How To get Heard, Even During Holiday Launch Overload
It’s the holiday season, and that means big, overwhelming things are afoot in the Internet Marketing world. Mostly, it means my email and social media streams are full of high-pressure messages, limited time discounts, big promises and offers from affiliates that pretty much pay you to sign up through them.
How can you compete with that, if you’re the newest Quirkipreneur on the block, trying to bring some attention to your quiet, reasonably priced little holiday offer? Or as the loverly Michelle of Let’sRadiate put it yesterday,
“How do you promote your holiday special without slamming peoples’ inboxes and making them want to punch you in the nose?”
Damn good question.
Damn good question, with a lot of potentially damn good answers.
I’m not going to pretend to be any kind of launch expert – I mostly do a kind of anti-launch, so my things stay small, low key, and quiet (which is why you’ll usually see me back off just about the time you think I’m going to explode into visibility)
But I do know how to get that small, low key voice of mine noticed, when I want to.
I can’t out-bark the big dogs of Internet Marketing, so I don’t even try. And no matter how often I tweet, email, FB or plus an offer, it’s going to get lost in the noise of the pack, UNLESS I do something to make it stand out.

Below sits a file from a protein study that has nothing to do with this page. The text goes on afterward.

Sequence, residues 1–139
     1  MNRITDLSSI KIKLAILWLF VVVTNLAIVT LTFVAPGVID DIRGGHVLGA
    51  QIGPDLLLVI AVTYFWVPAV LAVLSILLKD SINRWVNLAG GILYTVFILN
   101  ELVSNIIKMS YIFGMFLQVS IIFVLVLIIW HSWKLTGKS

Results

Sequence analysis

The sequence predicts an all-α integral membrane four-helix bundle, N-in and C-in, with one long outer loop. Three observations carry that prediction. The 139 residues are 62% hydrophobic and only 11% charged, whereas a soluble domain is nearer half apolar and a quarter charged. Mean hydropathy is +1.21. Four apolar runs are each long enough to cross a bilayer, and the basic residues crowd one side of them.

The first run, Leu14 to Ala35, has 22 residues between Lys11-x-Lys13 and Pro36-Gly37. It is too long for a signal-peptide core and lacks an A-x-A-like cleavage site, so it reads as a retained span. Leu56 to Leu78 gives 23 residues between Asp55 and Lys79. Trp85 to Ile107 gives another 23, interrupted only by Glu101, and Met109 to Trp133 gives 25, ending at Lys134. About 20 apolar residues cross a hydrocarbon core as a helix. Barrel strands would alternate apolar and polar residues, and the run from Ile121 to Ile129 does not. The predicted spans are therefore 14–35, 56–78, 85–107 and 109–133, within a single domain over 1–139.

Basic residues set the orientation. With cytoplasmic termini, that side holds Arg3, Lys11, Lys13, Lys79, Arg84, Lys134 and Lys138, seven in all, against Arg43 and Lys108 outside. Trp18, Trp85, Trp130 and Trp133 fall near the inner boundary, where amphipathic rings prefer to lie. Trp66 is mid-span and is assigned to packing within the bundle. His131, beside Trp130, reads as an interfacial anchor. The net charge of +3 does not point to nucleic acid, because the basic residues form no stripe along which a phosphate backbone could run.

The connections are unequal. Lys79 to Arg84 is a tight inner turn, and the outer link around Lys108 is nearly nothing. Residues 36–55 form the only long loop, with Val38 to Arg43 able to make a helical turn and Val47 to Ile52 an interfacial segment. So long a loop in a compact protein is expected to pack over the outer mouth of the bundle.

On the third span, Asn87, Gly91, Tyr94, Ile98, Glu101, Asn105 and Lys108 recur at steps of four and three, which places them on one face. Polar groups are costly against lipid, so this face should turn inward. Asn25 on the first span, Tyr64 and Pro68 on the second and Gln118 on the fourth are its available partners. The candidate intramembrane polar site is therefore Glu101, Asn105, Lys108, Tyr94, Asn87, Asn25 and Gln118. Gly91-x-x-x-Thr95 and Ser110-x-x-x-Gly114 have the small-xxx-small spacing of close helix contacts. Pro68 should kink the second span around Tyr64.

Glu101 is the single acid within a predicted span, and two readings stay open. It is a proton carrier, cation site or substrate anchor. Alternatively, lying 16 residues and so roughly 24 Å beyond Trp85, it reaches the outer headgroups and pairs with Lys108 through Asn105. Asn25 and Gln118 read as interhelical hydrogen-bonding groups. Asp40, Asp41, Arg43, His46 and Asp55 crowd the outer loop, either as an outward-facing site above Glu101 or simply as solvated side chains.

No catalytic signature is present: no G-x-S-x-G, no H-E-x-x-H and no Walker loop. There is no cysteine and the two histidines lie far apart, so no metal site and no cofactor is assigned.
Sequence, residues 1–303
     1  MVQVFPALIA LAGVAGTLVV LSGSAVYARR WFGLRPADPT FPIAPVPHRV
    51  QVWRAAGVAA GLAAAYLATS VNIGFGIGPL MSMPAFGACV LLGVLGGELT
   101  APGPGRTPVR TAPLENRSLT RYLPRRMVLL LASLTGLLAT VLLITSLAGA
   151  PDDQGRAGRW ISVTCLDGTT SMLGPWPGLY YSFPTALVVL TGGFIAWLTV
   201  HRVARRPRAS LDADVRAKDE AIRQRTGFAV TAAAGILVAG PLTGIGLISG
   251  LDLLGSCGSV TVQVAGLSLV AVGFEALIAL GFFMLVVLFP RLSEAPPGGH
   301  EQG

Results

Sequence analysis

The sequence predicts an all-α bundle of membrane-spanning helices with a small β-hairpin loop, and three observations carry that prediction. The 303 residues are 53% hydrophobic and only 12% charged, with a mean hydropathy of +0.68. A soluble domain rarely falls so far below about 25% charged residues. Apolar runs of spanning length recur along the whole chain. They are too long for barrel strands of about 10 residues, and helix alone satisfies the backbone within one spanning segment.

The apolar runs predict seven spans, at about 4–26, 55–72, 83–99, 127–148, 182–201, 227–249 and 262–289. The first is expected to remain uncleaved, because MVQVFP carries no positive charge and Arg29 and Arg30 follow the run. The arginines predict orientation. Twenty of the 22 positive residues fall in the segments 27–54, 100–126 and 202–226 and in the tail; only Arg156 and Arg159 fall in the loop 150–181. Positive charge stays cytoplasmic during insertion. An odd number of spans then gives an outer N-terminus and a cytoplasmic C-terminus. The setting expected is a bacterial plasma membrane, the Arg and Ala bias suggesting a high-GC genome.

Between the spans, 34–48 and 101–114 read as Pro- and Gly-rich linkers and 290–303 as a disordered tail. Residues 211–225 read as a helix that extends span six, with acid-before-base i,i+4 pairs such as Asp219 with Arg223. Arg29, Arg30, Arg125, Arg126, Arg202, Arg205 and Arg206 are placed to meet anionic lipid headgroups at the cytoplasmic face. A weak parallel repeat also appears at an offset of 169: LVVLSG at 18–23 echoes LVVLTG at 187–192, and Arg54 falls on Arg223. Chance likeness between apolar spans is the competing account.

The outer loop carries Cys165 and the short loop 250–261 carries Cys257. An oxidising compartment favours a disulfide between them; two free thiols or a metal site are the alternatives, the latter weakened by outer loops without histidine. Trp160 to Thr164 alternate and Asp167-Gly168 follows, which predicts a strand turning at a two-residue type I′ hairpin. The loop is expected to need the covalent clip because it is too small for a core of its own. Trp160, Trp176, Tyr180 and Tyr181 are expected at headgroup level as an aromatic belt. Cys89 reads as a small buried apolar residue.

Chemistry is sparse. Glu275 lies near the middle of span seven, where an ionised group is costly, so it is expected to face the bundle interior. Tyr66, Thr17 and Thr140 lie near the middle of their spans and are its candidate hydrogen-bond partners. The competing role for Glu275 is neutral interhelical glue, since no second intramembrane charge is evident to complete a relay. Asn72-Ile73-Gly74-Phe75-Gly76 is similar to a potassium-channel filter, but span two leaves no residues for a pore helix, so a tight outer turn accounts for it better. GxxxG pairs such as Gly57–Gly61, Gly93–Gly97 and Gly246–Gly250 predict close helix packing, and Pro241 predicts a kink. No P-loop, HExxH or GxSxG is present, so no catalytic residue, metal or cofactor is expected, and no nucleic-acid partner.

Examples of stand-out offers?
I always open mailings and blog posts from Havi Brooks, because even though I know I probably cant participate in whatever Thing she’s doing, I want to feel like I’m connected to her and her community. I want to see the goofy, playful, off the cuff way she promotes, because it makes me feel all warm and snuggly and laugh. And I want to be involved. So I read her promos.
Likewise, I almost always open everything from Hugh MacLeod @GapingVoid because his cartoons alternately touch me and make me laugh, and when he writes, the information is so very useful and insightful. I don’t mind a bit when he pitches a sale, because he provides so much value, in so many ways.
And I clearly remember Brian Clark’s initial sales pitches for the charter edition of Teaching Sells – they was that effective. It was a carefully crafted series of blog posts and emails, each one with valuable, relevant, well written information in it – information that was worth reading and saving even if I didn’t take the course, information that kept me not just reading each email, but *looking* for them. (I actually dug one of them out of my spam box, if I recall)
I’ve been a repeat customer
for all three of those folks.
It wasn’t hype or social proof that convinced me. It wasn’t the loudness of the offers (TeachingSells was the only loud promotion in the bunch, and at it’s loudest, wasn’t anything like the affiliate launches of today). And I wasn’t nagged into it with repetitive emails.
Mind you, there is a repetitive factor in each example.
- Havi works the concepts of her offers into many of her posts, keeping them in reader’s awareness without being obvious.
- Hugh doesn’t repeat individual offers much, but his artwork keeps me looking for his emails, and keeps me subtly aware that his stuff is for sale.
- With TeachingSells, there was a repetitive series of emails, each with a call to action, but each email had value on its own, which is why I opened them.
But if that repetition wasn’t creative, if it hadn’t made me smile, or left me feeling connected, or better educated, it wouldn’t have worked. What worked was the benefit I got out of the promotion itself.
Build your promotions so
they don’t feel like promotions.